There are a number of questions I get asked repeatedly, as a Criminal Defence Solicitor says Andy Kerrigan, Head of the Criminal Department at QS Burton & Co and the top 5 would be:
1. Who are you and where is my real lawyer?
When I started out this phrase was the first thing I heard every morning for about a year. The truth is many clients build up a relationship of trust with their Solicitor, who will often have represented them over the course of many years.
There are also situations where someone with no previous convictions has a long running and involved case, the outcome of which is important to that person and who has only really been dealing with one specific Solicitor. However there are times when lawyers cannot be in two places at once and we need to ask a colleague to cover a case.
When you start out, you are building your own client base and continuing to learn. You can expect to hear this question being asked on repeat.
2. What sentence am I going to get?
This is the question at the forefront of most client’s minds. What is the sentence I am going to get? It takes time to answer this question with confidence. Experience is key. The truth is when you walk into a Court you can have an idea of what sentence the Court can impose but you can never know for certain and sometimes you can be very wrong-footed by a very lenient or very harsh sentence.
Although we can’t give any guarantees, you always need to know your sentence guidelines to give the client the best, most informed and honest answer you can.
3. Will I get bail?
If you have been kept in custody by the Police sometimes for 48 hours or more and then brought to the Court the main thing on your mind is whether you are going to be released.
Some of the main reasons the Police keep someone in custody are: Lack of known address, risk of immediate reoffending, previous offending history and possibly for the persons own safety.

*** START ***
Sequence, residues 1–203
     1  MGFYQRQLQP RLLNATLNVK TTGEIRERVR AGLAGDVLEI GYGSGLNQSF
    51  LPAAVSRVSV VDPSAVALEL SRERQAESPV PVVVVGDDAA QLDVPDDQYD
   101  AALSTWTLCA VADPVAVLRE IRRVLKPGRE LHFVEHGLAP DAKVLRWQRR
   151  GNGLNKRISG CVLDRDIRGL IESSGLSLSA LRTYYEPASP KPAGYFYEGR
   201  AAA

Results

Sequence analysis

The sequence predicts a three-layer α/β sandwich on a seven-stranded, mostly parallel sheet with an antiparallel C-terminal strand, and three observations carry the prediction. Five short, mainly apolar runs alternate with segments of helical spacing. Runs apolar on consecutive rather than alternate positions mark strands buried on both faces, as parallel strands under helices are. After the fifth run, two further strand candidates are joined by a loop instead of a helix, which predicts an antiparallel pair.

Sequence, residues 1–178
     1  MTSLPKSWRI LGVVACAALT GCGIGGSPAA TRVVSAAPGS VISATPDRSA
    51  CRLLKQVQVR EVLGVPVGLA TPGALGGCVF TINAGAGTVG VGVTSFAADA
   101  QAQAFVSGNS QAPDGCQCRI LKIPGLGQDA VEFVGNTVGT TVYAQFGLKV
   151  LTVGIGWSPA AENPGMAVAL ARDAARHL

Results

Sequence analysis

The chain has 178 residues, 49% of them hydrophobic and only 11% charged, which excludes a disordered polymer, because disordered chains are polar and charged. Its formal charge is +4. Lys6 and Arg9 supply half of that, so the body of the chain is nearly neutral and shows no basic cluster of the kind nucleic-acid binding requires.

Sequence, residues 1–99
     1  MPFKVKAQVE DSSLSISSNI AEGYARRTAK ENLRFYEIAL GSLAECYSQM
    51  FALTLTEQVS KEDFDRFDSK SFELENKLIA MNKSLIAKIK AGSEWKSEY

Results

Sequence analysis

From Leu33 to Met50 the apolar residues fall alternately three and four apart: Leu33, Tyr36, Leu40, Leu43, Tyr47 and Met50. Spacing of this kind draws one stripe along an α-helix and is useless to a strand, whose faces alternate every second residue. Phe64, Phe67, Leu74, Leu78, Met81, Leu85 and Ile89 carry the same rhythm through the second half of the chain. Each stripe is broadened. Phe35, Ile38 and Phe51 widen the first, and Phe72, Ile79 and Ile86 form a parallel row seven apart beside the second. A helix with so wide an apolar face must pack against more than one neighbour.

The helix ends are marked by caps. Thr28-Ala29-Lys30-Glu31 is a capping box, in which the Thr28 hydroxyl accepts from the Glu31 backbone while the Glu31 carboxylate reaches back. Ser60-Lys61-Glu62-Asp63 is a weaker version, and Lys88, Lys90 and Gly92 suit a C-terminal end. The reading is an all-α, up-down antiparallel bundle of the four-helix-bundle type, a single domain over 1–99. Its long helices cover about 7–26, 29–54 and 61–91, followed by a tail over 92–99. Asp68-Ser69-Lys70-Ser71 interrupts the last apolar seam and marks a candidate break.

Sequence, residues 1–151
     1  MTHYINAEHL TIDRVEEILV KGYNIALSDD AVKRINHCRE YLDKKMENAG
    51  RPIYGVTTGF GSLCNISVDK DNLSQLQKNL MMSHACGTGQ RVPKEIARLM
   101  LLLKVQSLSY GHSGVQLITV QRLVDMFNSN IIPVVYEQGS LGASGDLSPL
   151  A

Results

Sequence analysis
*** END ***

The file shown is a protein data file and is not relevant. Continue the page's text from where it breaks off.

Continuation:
When you get to Court the test as to whether to keep someone in custody often changes. The Court has more powers than the Police to impose conditions most notably electronic monitored curfew which is not available to the Police.
When we get to Court we get a file of papers including the full previous record. The prosecutor will also indicate whether they agree or oppose bail and will negotiate bail conditions.
In a position where bail is strongly opposed you need to produce some of your best advocacy under pressure of time and pressure of your client’s expectation to secure bail. It is sometimes the earliest opportunity to gain trust with your client showing that you will fight for them and also requires imaginative use of bail conditions to satisfy the Court that the client will comply with bail.
4. I can’t decide what to do. What would you do if you were me?
The simple answer to that question is “I’m not you so I can’t answer the question”. There is a fine line to be walked now when advising clients. We are now obliged to tell our client that they will receive a discount if they enter a guilty plea at an earlier opportunity.
Because we are often having these conversations in the Court shortly before a hearing the client will have many things on their mind. It can be confusing when your lawyer then tells you about the discount for a guilty plea. Especially when they tell you that the evidence in the case is strong. Does that mean even though you didn’t do the offence you should just plead guilty anyway?
The answer is if you haven’t done the crime no matter what we have to say about discounts and the strength of the evidence you must enter a not guilty. Just because the evidence is strong on paper does not mean it will be strong in trial. There is increasing pressure from the Ministry of Justice, the Judiciary and the funding system to get people to enter guilty pleas. It is our job to stand between this pressure and our client where they maintain their innocence.
5. Will my name and address get in the paper?
Yes your name will get in the paper and no there is nothing I can do about it. The local press rarely send anyone to court but they do have access to court records and can print lists of cases from that record. They even print in our local paper a warning not to ask for details to be retracted. The Courts are open to the public and therefore the press is perfectly entitled to report.
The press is business and need to sell papers and as a consequence it is often the more sensational cases that get reported in detail. My concern is for people with mental health problems who find their name, story and picture in the paper. Where there is medical evidence of a mental illness should the same protections that are available to children apply? Should the level of protection to prevent identification of children be extended? Is it fair to expose vulnerable people in the press? Why does the press not report on cases where not guilty verdicts are returned? Is the press reporting of the courts balanced? Should it be balanced? There is also a debate about whether the details of people arrested but charged should be named in the press? There is also increasingly a move towards permitting courts to be televised.
I think this is a topic I will return to in my next blog.